Sightseers Film Review
Last year’s brilliantly uncomfortable Kill List proved Ben Wheatley’s directorial credentials at constructing a slow-burning atmospheric thriller the likes of which has not been produced in British cinema since The Wicker Man. Elements of this are clearly present in his new film, which brings together Chris (Steve Oram) and Tina (Alice Lowe) as they escape to a Britain that is at once easy to recognise; one filled with heritage sites, pencil museums and natural wonders often forgotten.
The film begins with Tina and her complicated relationship with her domineering mother, whose constant need for attention has clearly been the controlling factor in Tina’s life. Wheatley’s early focus on her almost forced domesticity is brought into sharp focus thanks to his great attention to detail, and sets the scene for boyfriend Chris’s arrival, whose caravan promises much needed freedom.
As they take to the road, the eccentric pair share an appreciation for vintage British culture, bringing them both physically and emotionally closer than their three month relationship would suggest (as Chris explains: “If the caravan’s a rockin’, don’t come a knockin’”). However, following the possibly not-so-accidental death of an inconsiderate litterer, events transpire to give their simple sightseeing holiday a more violent twist. As the bodies pile up (in an exceptionally gory fashion), the question is whether or not the couple will find their happy ever after; one that is handled well throughout, never giving away the answer.
Scripted by both Lowe and her co-star Steve Oram, it is difficult to argue that the humor of Sightseers is anything but hilarious, with laughs provided throughout. The two stars give wonderful performances that perfectly construct the loveable yet potentially dangerous pair, and their relationship is for the most part convincing.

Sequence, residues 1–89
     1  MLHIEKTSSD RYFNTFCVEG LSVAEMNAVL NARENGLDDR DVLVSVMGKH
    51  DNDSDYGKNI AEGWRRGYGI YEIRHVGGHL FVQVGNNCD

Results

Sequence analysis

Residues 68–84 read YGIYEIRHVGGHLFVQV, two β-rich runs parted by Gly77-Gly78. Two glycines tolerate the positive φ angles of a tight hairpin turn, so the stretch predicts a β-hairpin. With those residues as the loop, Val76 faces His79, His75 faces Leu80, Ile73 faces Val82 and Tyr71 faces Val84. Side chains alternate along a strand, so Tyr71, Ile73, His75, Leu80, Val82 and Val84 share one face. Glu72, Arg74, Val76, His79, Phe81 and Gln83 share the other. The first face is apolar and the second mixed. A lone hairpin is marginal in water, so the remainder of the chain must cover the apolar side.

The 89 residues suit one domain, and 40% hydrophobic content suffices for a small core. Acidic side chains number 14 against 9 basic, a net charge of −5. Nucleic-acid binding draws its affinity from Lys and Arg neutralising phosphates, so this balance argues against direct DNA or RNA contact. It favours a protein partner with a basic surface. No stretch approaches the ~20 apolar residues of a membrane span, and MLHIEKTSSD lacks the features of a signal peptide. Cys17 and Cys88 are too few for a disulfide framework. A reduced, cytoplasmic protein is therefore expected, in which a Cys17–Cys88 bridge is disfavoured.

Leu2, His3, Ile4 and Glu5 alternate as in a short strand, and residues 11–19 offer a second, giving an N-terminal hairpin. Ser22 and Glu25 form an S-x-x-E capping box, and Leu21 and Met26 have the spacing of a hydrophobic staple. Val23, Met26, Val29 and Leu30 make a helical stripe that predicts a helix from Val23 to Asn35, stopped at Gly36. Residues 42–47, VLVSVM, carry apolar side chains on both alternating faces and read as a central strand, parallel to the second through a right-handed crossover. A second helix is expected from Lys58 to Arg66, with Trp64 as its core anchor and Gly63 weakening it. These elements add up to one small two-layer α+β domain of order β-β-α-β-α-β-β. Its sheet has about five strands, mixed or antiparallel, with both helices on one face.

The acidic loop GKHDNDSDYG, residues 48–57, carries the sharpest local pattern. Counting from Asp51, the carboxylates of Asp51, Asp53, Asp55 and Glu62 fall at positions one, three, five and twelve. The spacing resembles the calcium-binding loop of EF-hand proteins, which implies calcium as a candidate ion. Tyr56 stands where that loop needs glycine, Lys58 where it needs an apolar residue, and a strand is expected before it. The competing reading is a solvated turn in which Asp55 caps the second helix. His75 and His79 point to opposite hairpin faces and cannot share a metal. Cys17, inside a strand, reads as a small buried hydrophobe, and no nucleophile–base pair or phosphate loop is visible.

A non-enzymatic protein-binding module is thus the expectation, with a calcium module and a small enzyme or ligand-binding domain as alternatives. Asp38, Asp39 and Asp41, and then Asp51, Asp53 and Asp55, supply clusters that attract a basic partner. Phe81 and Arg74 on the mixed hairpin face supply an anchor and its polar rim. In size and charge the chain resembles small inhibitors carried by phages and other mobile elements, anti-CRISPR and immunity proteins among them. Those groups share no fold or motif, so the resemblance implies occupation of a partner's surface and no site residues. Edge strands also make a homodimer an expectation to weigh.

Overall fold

On the other side of this comedy, Sightseers still provides the broiling tension that has come to be expected from its director, as Wheatley deftly engineers an eerie and disquieting atmosphere to accompany the sunlight vastness of the English countryside. However, issues often arise when comedy and elements of horror are combined, and this film is no different.
Whilst both aspects are pulled off well, their combination does not always elicit a desirable effect, shifting the film’s progress back and forth in a confused manner. As the simmering atmosphere is hyped up, the enjoyably blunt and naturalistic comedy remains very much on the same level, almost as though it was not intended to serve any real purpose. Of course, it provides an insight into the characters’ thinking, as well as endowing them with a loveably simple mindset, yet it seems to run out of ideas and serves to reduce the fine work of Wheatley’s tension-fuelled directorial style.
Therefore, thanks to this mix of comedy and tense horror components, Sightseers cannot compete with the confident focus, nor mysterious attraction, of Kill List. Where that film was enigmatic and gripping, this seems a much more sedate and obvious affair. It still provides laughs and asks some interesting questions, but fails to impress in the way that Wheatley’s previous work did so effortlessly. Even so, Lowe and Oram are loveably naturalistic in their relationship and provide enjoyable company for the film’s sensible running time.